Broadway vs. Off-Broadway

Broadway pic
Broadway
Image: backstage.com

An executive vice president with The Medicines Company in Parsippany, New Jersey, Loretta Itri oversees global health science operations and regulatory affairs. When she isn’t working, Loretta Itri enjoys attending Broadway and Off-Broadway theater.

Although Broadway was home to many theaters when New York City officials originally christened the street, today only four theaters (the Winter Garden, the Marquis, the Roundabout, and the eponymous Broadway) are physically located on Broadway. The term “Broadway theater,” by contrast, can apply to any large theater in midtown Manhattan.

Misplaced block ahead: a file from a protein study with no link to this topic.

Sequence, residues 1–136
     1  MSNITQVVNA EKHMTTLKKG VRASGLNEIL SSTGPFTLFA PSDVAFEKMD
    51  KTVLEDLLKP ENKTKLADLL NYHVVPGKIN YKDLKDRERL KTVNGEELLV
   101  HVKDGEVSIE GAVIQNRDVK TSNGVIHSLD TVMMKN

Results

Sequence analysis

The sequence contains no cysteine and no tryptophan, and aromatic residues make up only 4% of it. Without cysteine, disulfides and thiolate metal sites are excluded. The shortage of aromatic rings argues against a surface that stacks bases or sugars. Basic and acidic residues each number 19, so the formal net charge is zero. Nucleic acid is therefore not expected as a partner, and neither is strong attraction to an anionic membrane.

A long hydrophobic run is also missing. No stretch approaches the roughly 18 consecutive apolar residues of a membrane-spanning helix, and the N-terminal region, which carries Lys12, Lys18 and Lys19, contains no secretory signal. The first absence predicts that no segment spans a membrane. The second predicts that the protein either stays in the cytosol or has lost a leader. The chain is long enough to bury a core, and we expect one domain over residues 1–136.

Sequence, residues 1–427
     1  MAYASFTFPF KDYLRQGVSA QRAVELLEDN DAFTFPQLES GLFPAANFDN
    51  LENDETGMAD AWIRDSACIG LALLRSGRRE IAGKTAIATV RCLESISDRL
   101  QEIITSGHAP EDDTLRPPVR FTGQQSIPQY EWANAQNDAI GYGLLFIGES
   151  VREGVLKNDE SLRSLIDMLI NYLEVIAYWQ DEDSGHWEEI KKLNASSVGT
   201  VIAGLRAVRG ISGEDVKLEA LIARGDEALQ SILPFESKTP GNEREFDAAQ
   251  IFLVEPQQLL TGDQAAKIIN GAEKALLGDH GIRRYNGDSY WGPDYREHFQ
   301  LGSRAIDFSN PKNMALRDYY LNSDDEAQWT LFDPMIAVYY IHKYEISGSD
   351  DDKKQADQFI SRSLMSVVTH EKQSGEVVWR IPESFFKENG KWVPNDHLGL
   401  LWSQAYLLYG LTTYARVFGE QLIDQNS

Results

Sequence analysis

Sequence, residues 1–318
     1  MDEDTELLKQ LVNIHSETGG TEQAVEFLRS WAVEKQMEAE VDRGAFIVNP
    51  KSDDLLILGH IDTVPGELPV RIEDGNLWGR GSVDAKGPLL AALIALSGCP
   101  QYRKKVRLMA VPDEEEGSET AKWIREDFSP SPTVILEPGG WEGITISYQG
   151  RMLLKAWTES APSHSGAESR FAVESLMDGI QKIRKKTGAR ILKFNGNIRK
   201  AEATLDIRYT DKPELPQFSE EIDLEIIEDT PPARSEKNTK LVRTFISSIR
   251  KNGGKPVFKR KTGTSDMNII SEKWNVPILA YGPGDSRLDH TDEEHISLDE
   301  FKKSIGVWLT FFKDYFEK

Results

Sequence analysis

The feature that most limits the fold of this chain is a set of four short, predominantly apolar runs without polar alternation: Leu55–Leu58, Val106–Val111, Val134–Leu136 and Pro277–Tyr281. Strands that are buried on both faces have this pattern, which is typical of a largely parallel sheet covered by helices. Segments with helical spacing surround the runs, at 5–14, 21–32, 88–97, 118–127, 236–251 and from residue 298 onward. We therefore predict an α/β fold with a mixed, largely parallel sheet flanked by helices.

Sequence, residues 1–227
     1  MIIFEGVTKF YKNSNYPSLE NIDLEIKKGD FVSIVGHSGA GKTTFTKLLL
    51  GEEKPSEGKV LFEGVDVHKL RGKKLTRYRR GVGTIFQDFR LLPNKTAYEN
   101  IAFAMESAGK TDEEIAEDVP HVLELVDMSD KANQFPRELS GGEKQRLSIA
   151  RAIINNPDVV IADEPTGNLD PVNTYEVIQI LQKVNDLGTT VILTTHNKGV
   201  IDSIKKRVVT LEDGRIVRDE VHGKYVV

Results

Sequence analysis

The distinction between Broadway and Off-Broadway is nuanced. Among other criteria, the terms can be defined partly based on the contracts of theater workers. Individuals employed by larger (Broadway) theaters generally get paid more than those who work for smaller (Off-Broadway) theaters.

Generally speaking, a theater must have at least 500 seats to earn the “Broadway” distinction, while theaters with 99 to 499 seats typically have an “Off-Broadway” distinction. The theater industry denotes venues with less than 99 seats as “Off-Off-Broadway.”

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